Class Announcement

Click on the image for an enlargement.  Easier to read.  E.mail me if you have questions. blackoaknaturalist@att.net.  Looking forward to some adventures, discovering the seldom seen delights of Plumas County.

Striking a Balance in "Bad" Weather

During a heavy rain last night, my son Ryan created this balance out of copper wire with pans made of sheets of stainless steel.  We were anticipating more snow and rain for at least a week.  We've gotten pretty good at creating indoor activities when we aren't in the mood to bundle up and brave the stormy weather.  Inspired by Thoreau's "There's no such thing as bad weather, just good clothes," we decided to take a walk today and gather up some small natural objects to weigh on this balance.  Lacking a set of standardized weights, we decided to use shiny new coins.  We found the weights of pennies, nickels, dimes, and quarters, and chose shiny new ones.  We'll pile small seeds, bugs, pine needles, or other small objects on one side until they balance a given coin or coins on the other. I also collected a small bag of items for drawing practice - white fir cones and needles, blackberry leaves, rose hips, and seeds of a boxelder tree.  I'm also working on a painting of two damselflies mating, hoping to finish it in time for the February show at Main Street Artists.  The February show will have a Valentine's Day theme.  If you're looking for a unique Valentine's Day card, stop by the gallery and take a look at my Convergent Ladybird Beetles and Oak Treehoppers mating.

Friday, January 20, 2012

Looking for a Taste of Spring

This photo of a gathering of Convergent Ladybird Beetles was taken last fall at around 5,000' elevation near Quincy.  These beautiful beetles may now be found at the lower elevations, say 1,000' to 2,500' and will be mating soon.  Then most of them will head for the Central Valley for careers in aphid control. In Quincy, with the present lingering storm, we're having the feeling of winter just getting started.  If you're a fan of spring, as I am, just drive down the Feather River Canyon, and in places like Table Mountain and Bidwell Park, as well as in the lower reaches of the canyon itself, spring is underway.  Bring a camera and a notebook and you'll find wonders.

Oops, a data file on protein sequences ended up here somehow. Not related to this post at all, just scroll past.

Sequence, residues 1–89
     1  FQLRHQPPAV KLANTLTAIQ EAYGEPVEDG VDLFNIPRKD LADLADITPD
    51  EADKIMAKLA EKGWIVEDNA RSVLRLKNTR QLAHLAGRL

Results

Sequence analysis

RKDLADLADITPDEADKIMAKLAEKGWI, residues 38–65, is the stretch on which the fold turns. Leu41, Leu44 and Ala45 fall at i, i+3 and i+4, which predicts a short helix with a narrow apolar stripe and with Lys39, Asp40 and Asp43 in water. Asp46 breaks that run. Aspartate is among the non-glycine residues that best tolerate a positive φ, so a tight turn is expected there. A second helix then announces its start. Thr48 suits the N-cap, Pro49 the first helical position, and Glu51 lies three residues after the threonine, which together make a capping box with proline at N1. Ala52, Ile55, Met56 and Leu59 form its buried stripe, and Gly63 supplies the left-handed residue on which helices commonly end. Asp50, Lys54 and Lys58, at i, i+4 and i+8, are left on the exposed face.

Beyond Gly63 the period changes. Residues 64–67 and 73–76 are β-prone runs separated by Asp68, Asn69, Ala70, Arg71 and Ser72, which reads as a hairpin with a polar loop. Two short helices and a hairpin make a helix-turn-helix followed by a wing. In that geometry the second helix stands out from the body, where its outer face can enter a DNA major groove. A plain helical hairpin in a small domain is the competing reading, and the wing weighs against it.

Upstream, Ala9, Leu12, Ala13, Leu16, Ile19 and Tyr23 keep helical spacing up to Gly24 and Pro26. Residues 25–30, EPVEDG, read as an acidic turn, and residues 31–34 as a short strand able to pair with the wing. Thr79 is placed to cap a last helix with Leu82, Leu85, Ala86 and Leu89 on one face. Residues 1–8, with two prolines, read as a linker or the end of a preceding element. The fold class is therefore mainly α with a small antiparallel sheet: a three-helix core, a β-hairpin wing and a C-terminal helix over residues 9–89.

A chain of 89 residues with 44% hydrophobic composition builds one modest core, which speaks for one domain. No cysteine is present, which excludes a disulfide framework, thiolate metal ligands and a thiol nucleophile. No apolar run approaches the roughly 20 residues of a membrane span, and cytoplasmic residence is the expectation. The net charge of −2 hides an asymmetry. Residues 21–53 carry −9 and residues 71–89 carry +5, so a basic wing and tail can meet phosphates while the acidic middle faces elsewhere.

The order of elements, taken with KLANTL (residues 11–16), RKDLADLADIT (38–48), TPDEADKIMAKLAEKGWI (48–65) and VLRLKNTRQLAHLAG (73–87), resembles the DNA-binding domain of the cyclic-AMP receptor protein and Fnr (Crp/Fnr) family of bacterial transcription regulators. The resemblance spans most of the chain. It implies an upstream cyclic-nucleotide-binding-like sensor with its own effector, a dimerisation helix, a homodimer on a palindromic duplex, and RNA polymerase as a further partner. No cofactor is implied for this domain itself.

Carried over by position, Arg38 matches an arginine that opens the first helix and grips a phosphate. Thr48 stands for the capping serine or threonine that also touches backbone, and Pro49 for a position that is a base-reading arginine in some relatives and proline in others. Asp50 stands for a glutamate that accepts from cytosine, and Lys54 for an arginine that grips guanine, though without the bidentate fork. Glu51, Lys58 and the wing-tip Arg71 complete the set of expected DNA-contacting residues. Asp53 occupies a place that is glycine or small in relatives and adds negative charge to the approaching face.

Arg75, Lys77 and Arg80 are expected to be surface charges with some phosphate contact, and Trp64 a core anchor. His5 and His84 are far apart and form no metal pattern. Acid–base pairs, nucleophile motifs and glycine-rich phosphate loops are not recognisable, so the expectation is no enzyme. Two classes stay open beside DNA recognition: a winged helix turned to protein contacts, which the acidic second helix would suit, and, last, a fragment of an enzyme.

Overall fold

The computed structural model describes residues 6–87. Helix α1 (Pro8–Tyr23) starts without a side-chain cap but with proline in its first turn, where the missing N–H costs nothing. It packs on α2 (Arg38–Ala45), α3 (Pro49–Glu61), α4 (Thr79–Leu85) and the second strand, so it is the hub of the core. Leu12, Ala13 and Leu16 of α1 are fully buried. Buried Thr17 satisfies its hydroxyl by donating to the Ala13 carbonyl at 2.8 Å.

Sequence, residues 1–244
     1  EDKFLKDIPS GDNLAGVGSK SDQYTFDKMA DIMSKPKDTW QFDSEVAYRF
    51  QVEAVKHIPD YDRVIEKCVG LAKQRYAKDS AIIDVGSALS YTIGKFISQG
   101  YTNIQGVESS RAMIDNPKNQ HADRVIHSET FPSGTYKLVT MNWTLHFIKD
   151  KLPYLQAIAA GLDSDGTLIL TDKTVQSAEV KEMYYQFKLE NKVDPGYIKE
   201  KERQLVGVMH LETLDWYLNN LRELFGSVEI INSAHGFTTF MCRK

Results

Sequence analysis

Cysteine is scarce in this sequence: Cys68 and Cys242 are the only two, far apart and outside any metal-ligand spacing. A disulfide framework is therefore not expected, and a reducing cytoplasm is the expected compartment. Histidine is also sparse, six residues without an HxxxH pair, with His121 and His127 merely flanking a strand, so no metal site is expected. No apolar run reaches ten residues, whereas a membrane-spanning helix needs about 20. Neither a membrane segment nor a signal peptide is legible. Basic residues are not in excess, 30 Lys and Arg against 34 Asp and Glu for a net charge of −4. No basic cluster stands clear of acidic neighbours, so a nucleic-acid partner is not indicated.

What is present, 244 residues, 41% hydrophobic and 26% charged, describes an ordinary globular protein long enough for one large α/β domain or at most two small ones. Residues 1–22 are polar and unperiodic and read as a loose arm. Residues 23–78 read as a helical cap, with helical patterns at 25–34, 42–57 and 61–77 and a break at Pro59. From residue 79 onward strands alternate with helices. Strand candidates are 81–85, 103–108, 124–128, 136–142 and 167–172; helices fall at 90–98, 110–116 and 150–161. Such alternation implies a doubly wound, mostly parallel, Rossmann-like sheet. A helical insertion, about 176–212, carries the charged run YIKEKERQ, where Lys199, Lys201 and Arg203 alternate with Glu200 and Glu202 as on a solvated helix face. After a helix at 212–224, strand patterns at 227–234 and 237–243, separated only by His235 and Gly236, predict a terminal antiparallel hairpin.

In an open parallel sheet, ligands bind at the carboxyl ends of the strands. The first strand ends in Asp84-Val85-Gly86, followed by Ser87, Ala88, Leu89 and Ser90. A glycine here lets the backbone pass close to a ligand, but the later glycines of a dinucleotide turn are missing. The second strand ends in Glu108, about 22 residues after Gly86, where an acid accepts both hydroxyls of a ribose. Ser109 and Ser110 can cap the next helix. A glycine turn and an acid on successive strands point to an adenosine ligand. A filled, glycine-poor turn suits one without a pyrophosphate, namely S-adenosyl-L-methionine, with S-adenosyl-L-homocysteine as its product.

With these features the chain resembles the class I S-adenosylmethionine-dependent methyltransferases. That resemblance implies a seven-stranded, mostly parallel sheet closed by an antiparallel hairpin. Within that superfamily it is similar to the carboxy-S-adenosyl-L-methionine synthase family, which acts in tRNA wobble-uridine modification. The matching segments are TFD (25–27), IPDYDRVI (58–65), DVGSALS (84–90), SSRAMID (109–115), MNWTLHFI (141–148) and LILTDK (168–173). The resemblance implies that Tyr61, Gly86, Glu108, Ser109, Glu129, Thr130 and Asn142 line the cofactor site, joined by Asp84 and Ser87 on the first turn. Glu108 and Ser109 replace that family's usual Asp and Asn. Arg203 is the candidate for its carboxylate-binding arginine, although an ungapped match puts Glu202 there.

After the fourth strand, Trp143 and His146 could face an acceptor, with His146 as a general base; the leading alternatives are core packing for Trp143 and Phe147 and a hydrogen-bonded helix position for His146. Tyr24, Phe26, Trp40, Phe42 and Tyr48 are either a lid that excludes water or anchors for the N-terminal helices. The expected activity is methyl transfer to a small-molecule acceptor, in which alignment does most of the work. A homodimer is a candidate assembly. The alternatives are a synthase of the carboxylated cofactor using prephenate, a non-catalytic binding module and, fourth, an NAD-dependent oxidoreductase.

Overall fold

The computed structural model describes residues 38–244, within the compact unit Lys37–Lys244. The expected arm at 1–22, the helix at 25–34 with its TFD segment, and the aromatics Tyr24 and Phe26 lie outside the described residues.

Wednesday, January 18, 2012

Time to Hibernate?

The bitter cold that prevented me from outdoor journaling has passed for now.  It warmed up enough to melt the snow off my front lawn.  However, there's a big storm moving in, and the Brown Bear in my neighborhood seems to be contemplating going back into hibernation inside a giant nautilus. 

The first meeting of my Community Education class, Adventures in Nature Journaling, will begin at the FRC student center at 9:00 a.m., on February 4.  Watch this blog and/or the college's web site for information on how to register.  The college will be issuing a catalog shortly.  Meanwhile, feel free to e-mail me with any questions.  The class will meet for 6 Saturday mornings between February 4 and March 17.  The class may be repeated and a second 6-Saturday session will be offered between March 24 and May 5.  The class will meet at a different site near Quincy every week.  Depending on weather, we'll meet on established trails and/or inside coffee shops and art galleries.  I'll contact participants weekly to announce each Saturday's venue.

Tuesday, January 17, 2012

9 Degrees F; Too Cold to Journal!

My next class in Nature Journaling begins February 4.  Judging from today's temperature, I'll need to arrange alternative venues to prevent frostbite.  Fortunately, Quincy has some pleasant coffee shops and an art gallery, and I have a growing collection in my personal natural history museum as objects of discussion and drawing.  Sitting on today's page of my open journal is a photo of juvenile Oak Treehoppers, three seashells, and two electronic devices my son created that look rather like flowers.

Sunday, January 15, 2012

Cold Day Musings

"In the depths of winter, I finally learned there was in me an invincible summer."  Albert Camus said that, or something like it.  I've found dozens of variations on this statement attributed to him.  Either he said it or something like it many times, or people weren't listening or reading accurately.  This began as a very cold day, 13 degrees according to the usual unreliable sources, yet sunny.  No snow on the ground, so the sun put me in the mood of yearning for sunflowers and bees.  I just happened to have the above photo from last summer on my laptop.  One can interpret the quote literally, and I relate to it literally, but, if you know Camus, it seems likely there are layers of metaphorical meaning.